Inclusion doesn’t represent the weakening of tradition, but the fraying of evangelical controlby Linda Woodhead / February 22, 2017 / Leave a comment
“Church of England could split over homosexuality” is a headline that occurs with the reassuring regularity of the shipping forecast. As with the boy who cried wolf, we hardly listen any more. But last week’s vote in the General Synod, in which the clergy voted against a bishops’ report that said only a man and woman can marry in church, is a genuine turning point.
The Economist followed a well-trodden path by presenting what happened as the triumph of modern liberalism over a “traditional” Christian view of marriage. It’s more illuminating to turn this view on its head. In effect, clergy rebels returned the Church of England to the position it had reached in the 1980s before it was diverted into a “family values” agenda—one which owes more to modern culture wars and the rise of fundamentalism than to tradition.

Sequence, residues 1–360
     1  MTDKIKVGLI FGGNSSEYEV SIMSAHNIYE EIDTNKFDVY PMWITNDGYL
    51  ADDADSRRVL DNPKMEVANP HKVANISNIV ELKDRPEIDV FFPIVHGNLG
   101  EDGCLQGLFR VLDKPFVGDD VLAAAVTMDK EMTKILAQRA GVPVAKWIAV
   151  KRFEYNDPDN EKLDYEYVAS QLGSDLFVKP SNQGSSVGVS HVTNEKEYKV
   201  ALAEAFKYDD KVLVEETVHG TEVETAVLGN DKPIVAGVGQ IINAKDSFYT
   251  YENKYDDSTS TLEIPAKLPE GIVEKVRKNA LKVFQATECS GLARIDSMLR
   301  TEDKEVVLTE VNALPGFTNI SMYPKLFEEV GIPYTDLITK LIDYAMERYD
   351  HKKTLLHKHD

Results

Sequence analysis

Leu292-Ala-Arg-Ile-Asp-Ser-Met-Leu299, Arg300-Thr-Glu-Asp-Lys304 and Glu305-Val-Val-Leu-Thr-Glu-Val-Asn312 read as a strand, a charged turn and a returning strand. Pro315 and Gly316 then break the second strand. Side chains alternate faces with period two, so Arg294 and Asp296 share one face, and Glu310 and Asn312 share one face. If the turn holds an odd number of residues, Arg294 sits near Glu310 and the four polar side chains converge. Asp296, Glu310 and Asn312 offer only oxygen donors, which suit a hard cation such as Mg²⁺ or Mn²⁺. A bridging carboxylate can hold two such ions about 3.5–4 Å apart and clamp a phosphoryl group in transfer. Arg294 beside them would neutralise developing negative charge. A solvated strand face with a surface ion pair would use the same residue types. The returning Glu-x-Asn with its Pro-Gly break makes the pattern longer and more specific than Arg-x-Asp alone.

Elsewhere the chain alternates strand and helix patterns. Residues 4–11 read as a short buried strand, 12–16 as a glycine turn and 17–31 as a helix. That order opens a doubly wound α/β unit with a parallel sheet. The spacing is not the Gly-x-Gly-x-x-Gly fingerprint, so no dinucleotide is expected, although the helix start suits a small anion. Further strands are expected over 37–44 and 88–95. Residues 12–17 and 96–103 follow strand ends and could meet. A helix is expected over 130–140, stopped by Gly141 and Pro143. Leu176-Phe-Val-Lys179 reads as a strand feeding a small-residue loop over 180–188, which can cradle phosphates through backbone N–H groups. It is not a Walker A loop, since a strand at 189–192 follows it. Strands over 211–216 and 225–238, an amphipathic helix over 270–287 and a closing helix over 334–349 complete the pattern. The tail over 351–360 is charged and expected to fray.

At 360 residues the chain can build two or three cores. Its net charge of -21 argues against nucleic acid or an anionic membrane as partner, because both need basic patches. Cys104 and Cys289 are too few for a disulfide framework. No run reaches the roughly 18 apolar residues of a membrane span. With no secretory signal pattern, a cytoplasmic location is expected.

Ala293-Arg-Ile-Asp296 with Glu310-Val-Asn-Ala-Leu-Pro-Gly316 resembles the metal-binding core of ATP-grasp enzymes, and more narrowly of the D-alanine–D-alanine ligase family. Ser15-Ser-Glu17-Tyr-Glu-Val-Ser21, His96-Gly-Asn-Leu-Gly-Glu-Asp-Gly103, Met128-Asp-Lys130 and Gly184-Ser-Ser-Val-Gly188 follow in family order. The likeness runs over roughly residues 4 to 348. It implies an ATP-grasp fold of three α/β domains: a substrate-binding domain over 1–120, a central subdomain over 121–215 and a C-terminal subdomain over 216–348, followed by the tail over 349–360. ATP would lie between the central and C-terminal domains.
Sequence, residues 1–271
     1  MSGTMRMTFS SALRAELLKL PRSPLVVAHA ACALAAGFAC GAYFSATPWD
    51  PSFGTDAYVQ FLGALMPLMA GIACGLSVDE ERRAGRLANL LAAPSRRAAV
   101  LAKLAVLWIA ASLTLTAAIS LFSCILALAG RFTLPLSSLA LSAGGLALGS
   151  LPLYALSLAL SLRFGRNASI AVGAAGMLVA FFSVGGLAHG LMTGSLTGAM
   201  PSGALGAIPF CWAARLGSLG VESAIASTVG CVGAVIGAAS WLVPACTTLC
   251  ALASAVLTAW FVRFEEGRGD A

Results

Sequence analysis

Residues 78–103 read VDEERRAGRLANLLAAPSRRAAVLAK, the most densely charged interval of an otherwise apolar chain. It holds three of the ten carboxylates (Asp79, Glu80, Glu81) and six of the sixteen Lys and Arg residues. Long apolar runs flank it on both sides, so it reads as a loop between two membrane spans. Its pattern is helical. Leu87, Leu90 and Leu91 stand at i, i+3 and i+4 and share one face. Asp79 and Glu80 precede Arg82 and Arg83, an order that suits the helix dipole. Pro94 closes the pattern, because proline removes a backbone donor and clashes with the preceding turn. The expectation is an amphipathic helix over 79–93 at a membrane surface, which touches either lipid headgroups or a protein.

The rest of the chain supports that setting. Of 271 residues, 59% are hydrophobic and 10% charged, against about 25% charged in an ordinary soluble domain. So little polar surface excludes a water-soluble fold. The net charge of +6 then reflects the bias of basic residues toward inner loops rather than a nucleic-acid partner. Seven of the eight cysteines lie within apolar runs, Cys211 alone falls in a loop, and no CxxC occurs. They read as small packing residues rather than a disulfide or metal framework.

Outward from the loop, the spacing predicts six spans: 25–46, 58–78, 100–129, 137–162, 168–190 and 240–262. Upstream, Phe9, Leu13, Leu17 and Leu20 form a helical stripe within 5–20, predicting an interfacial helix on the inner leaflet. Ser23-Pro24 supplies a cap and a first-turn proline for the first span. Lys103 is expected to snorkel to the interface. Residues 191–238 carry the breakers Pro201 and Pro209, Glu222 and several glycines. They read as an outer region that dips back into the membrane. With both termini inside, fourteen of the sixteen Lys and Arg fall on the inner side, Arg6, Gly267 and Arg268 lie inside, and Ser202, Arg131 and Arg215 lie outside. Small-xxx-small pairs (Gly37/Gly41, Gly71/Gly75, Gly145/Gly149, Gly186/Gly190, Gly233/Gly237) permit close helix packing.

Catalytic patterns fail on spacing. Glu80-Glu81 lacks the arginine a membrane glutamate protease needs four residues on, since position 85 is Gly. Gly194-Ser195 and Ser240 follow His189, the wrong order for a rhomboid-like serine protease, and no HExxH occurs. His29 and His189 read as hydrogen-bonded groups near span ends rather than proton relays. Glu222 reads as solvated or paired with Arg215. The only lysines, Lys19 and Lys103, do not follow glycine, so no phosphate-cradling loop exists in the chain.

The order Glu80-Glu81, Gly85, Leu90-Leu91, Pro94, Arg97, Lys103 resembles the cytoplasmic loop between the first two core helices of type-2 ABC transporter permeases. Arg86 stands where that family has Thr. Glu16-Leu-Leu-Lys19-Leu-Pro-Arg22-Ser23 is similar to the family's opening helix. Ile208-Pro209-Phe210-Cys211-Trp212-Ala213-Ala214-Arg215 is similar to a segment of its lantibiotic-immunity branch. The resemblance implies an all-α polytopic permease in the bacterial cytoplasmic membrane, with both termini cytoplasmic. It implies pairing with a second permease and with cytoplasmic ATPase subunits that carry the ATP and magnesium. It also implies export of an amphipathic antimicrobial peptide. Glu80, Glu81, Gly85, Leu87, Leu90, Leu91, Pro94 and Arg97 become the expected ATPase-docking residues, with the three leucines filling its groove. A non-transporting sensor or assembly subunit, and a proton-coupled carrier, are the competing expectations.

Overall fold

Traditionally, Christianity has supported vastly different kinds of family structure and taken a rather grudging view of sex and marriage as second-best to celibacy. The Church of England was founded on reason and tradition, not just the Bible, and was embedded in the universities and other institutions of learning. It has been a societal Church for the whole nation, not a sectarian one for purists.
By the 1960s the Church was, not for the first time, rethinking its attitude to the family and sexuality. Like its cousins, the Lutheran churches of Scandinavia, it had accepted contraception, played a role in the liberalisation of the law allowing divorce (1969), and was reconsidering its position on “gays.” In response to the decriminalisation of homosexuality in 1967, a Church working group chaired by the Bishop of Gloucester recommended modest reform.
Looking askance at these developments was a cadre of male conservative evangelicals with close links to American fundamentalism. Many of its leaders were trained by the Iwerne Trust, a charity which ran holiday camps in the 1970s and 1980s. Iwerne recruited boys from the top public schools and prepared them to enter the Church and parliament to spread their influence. Archbishop Justin Welby, an Etonian, was one of their number. The Trust hit the headlines this month for allegedly covering up grooming and physical abuse by John Smyth.